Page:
Also written by Ōtautahi Creative Spaces
Ōtautahi Creative Spaces / 1 Oct 2019
Ōtautahi Creative Spaces / 1 Jul 2019
Ōtautahi Creative Spaces / 4 Dec 2018
Kim Morton, director of Ōtautahi Creative Spaces, an arts and mental health organisation from Christchurch, has received a Churchill Fellowship to research arts on prescription.
"Arts on prescription schemes are similar to green prescriptions” says Kim Morton. “Health and whānau workers connect people who are unwell with arts programmes to build their health and wellbeing.”
“The mental health system is struggling to cope with demand, and arts on prescription is a proven way of improving mental health. Increasing access to creativity through a prescription could make a real difference in New Zealand.”
The focus of the research will be on how the arts on prescription schemes which operate overseas could be adapted for New Zealand communities. “My plan is to gather knowledge about arts on prescription using online platforms, and to share that with people in Dunedin and Christchurch, to get feedback about how it could be adapted here,” says Morton.
“With widespread mental distress experienced as a result of the pandemic, the role of the arts in building wellbeing is more important than ever. Many of us turned to creativity to help cope with the lockdown.”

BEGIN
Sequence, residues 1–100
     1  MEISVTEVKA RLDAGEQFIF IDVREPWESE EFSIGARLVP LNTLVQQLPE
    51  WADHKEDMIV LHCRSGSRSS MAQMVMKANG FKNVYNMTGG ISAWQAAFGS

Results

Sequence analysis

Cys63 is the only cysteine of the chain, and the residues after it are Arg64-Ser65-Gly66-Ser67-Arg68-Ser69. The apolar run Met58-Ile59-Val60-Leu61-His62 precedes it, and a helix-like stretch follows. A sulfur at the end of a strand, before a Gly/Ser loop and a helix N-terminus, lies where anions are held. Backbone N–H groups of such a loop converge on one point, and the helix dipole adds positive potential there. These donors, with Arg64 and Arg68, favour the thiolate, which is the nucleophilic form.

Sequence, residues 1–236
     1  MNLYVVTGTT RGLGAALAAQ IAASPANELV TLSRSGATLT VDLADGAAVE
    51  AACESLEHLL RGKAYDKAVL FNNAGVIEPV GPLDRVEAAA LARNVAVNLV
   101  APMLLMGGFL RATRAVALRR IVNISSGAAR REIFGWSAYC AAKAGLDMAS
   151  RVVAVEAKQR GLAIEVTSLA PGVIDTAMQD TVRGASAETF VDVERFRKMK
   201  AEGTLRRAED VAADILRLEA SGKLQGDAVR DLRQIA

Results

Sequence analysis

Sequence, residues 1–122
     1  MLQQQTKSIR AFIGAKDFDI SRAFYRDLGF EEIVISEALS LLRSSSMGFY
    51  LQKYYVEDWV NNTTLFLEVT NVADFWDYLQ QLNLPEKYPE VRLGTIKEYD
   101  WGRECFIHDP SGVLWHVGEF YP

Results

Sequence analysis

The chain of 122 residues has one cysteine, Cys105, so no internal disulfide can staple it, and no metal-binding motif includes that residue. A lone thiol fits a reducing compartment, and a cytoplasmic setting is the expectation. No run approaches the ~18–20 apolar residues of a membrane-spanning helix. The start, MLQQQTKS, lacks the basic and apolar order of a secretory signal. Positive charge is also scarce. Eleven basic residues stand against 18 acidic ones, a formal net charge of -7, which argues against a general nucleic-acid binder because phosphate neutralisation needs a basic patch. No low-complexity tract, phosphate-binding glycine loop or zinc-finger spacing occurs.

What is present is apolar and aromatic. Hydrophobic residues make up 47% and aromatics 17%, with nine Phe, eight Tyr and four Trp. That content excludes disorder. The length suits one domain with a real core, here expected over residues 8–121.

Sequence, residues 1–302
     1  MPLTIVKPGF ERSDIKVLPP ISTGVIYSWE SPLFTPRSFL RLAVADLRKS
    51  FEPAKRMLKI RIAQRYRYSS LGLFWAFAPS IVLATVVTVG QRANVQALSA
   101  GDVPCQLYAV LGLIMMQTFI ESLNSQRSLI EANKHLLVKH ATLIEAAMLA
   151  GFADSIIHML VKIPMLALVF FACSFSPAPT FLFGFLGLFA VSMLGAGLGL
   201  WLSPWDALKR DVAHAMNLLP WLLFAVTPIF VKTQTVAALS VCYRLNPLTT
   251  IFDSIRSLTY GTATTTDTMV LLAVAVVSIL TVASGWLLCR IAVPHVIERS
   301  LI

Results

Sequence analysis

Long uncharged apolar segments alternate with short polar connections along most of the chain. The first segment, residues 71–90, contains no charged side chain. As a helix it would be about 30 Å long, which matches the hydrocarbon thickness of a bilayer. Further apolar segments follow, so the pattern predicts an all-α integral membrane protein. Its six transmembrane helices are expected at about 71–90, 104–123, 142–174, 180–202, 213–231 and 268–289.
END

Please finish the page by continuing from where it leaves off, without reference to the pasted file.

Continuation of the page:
Christchurch is well placed to pilot arts on prescription, Morton says, with what we learned following the earthquakes about how creativity can help respond to trauma and mental distress.
“There was a lot of interest in arts on prescription during the consultation for Toi Ōtautahi, the arts strategy adopted by Christchurch City Council. Hauora wellbeing is one of four pou (pillars) for this strategy, reflecting the level of mental distress in our city, and the desire to make change.”
“Arts on prescription is a really great opportunity for collaboration by organisations from the health and arts sectors, such as Pegasus Health, Canterbury District Health Board, the Ministry of Health, Christchurch City Council and Creative New Zealand. I look forward to sharing what I learn with these organisations, so that together we can create something here that fits our needs.”
Churchill Fellowships allow citizens from all walks of life to design their own research projects, travel the world and further their knowledge in a chosen field, before returning to make their knowledge available to New Zealand society. Instead of travelling to the United Kingdom and Denmark as planned, Kim will undertake the fellowship in New Zealand, including a three-week stay at the Caselberg House in Dunedin.
The Fellowship is made possible by the Winston Churchill Memorial Trust, founded at the request of and as a living memorial for Sir Winston Churchill. He believed that world peace and greater international understanding could be promoted through ordinary people travelling to other countries and experiencing other cultures.
As part of the Fellowship requirements, Kim Morton will produce a full report of her investigation within six months of undertaking the project. These reports become public and are available online at the Winston Churchill Memorial Trust website.
“I warmly congratulate Kim Morton,” says Chair of the Trust, Joy Tracey. “We look
for New Zealanders who, like Churchill, are innovative, filled with a spirit of determination. Fellows are selected from all over New Zealand for the benefit they can provide to their community and New Zealand as a whole.
“Since the Trust was established in 1965, over 900 Fellowships have been awarded. This represents an incredible wealth of knowledge and learning which the Trust has been responsible for generating and making available to our nation.“